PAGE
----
Original Paper

Naturwissenschaften

, Volume 99, Issue 8, pp 617-626

Neanderthal medics? Evidence for food, cooking, and medicinal plants entrapped in dental calculus

  • Karen HardyAffiliated withICREA at Universitat Autònoma de Barcelona Email author 
  • , Stephen BuckleyAffiliated withBioArCh, University of York
  • , Matthew J. CollinsAffiliated withBioArCh, University of York
  • , Almudena EstalrrichAffiliated withPaleoanthropology Group, Department of Paleobiology, Museo Nacional de Ciencias Naturales, CSIC
  • , Don BrothwellAffiliated withBioArCh, University of York
  • , Les CopelandAffiliated withFaculty of Agriculture and Environment, University of Sydney
  • , Antonio García-TaberneroAffiliated withPaleoanthropology Group, Department of Paleobiology, Museo Nacional de Ciencias Naturales, CSIC
  • , Samuel García-VargasAffiliated withPaleoanthropology Group, Department of Paleobiology, Museo Nacional de Ciencias Naturales, CSIC
  • , Marco de la RasillaAffiliated withÁrea de Prehistoria, Departamento de Historia, Universidad de Oviedo
    • , Carles Lalueza-FoxAffiliated withInstitute of Evolutionary Biology, CSIC-Universitat Pompeu Fabra
    • , Rosa HuguetAffiliated withInstitut Català de Paleoecologia Humana i Evolució Social (Unidad Asociada—CSIC) Universitat Rovira i Virgili
    • , Markus BastirAffiliated withPaleoanthropology Group, Department of Paleobiology, Museo Nacional de Ciencias Naturales, CSIC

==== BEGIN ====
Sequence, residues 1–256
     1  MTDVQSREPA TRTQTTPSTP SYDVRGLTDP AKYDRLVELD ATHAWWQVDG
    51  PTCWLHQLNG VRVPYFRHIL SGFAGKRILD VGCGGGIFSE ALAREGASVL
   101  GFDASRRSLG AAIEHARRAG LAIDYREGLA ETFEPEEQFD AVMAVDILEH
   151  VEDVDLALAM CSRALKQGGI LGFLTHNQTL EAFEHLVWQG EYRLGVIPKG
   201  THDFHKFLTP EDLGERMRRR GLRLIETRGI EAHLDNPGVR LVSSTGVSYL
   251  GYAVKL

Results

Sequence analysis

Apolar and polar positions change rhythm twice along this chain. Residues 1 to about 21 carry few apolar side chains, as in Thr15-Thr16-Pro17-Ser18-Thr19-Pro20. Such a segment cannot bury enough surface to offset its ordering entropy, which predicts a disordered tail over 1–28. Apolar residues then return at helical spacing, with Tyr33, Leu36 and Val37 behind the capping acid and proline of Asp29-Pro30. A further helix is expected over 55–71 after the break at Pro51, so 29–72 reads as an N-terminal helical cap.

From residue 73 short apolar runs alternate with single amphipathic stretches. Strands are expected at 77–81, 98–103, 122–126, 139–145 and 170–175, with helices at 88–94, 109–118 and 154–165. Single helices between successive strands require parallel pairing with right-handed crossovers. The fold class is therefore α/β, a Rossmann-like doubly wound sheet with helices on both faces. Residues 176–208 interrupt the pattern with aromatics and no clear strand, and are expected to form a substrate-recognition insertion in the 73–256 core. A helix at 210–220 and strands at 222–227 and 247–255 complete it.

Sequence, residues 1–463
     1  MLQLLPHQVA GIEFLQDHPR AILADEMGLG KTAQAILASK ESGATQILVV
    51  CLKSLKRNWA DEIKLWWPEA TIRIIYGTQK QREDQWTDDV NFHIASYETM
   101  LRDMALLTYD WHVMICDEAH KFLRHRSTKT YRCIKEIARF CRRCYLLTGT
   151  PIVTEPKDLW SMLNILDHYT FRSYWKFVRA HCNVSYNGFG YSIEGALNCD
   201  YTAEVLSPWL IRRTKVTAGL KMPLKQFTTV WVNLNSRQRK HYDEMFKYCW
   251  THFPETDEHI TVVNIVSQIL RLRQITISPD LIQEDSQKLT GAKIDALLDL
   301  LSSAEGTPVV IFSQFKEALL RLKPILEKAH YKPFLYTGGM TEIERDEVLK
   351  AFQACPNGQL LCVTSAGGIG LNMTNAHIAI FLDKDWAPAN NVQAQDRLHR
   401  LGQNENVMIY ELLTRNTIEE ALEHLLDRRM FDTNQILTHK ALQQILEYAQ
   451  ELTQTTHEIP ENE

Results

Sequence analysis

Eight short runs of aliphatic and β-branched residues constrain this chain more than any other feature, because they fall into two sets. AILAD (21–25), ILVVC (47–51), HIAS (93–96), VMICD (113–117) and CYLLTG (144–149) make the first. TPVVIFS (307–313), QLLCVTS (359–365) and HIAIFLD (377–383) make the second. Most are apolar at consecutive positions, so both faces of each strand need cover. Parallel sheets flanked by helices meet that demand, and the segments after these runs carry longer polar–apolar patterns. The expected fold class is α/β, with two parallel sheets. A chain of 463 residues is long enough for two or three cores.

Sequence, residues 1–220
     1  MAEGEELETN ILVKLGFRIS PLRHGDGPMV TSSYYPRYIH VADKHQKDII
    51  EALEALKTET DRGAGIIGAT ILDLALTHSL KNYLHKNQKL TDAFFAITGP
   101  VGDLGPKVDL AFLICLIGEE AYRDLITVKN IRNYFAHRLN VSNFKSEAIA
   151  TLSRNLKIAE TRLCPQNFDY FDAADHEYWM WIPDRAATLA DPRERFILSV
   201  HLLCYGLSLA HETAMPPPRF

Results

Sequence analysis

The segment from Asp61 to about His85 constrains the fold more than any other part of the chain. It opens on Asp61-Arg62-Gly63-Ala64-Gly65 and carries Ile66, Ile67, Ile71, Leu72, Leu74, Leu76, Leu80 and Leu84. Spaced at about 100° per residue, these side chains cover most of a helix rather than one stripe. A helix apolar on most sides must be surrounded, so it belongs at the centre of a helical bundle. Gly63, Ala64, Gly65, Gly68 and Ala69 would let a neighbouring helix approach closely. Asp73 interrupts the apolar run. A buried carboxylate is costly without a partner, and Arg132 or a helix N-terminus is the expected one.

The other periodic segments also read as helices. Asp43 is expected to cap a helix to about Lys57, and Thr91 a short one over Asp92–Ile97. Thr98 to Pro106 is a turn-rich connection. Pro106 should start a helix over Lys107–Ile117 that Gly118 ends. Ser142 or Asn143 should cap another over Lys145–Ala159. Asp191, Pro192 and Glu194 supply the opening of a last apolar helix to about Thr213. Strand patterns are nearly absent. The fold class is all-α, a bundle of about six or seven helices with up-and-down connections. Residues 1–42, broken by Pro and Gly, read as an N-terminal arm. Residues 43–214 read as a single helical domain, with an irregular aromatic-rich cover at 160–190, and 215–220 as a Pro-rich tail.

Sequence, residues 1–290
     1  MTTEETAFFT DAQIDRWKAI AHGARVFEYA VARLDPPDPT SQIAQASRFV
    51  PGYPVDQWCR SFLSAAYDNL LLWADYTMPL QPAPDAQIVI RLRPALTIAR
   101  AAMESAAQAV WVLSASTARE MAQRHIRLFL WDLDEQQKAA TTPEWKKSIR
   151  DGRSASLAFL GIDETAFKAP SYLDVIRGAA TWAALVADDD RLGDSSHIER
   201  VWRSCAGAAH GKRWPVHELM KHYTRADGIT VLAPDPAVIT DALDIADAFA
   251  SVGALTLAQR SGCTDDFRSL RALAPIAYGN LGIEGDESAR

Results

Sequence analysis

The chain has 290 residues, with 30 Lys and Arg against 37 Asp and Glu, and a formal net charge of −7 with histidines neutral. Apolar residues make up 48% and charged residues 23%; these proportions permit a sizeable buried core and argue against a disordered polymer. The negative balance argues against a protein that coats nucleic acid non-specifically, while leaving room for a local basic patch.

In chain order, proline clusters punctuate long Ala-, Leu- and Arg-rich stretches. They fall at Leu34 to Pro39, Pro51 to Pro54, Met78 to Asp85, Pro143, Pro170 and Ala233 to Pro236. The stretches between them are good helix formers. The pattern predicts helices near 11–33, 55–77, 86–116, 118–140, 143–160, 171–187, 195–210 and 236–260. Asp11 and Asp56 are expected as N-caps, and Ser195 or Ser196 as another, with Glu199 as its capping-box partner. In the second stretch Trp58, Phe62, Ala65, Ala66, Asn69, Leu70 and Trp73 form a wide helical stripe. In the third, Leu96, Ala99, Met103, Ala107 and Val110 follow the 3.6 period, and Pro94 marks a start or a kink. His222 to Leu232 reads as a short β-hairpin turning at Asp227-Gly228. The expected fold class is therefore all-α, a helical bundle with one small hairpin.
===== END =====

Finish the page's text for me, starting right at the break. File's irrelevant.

• , David SantamaríaAffiliated withÁrea de Prehistoria, Departamento de Historia, Universidad de Oviedo
    • , Marco MadellaAffiliated withICREA at IMF-CSIC
    • , Julie WilsonAffiliated withYCCSA, University of York
    • , Ángel Fernández CortésAffiliated withICREA at Universitat Autònoma de BarcelonaDepartamento de Geología, Museo Nacional de Ciencias Naturales CSIC
    • , Antonio RosasAffiliated withPaleoanthropology Group, Department of Paleobiology, Museo Nacional de Ciencias Naturales, CSIC

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Abstract

Neanderthals disappeared sometime between 30,000 and 24,000 years ago. Until recently, Neanderthals were understood to have been predominantly meat-eaters; however, a growing body of evidence suggests their diet also included plants. We present the results of a study, in which sequential thermal desorption-gas chromatography-mass spectrometry (TD-GC-MS) and pyrolysis-gas chromatography-mass spectrometry (Py-GC-MS) were combined with morphological analysis of plant microfossils, to identify material entrapped in dental calculus from five Neanderthal individuals from the north Spanish site of El Sidrón. Our results provide the first molecular evidence for inhalation of wood-fire smoke and bitumen or oil shale and ingestion of a range of cooked plant foods. We also offer the first evidence for the use of medicinal plants by a Neanderthal individual. The varied use of plants that we have identified suggests that the Neanderthal occupants of El Sidrón had a sophisticated knowledge of their natural surroundings which included the ability to select and use certain plants.

Keywords

Neanderthals El Sidrón Dental calculus Diet Self-medication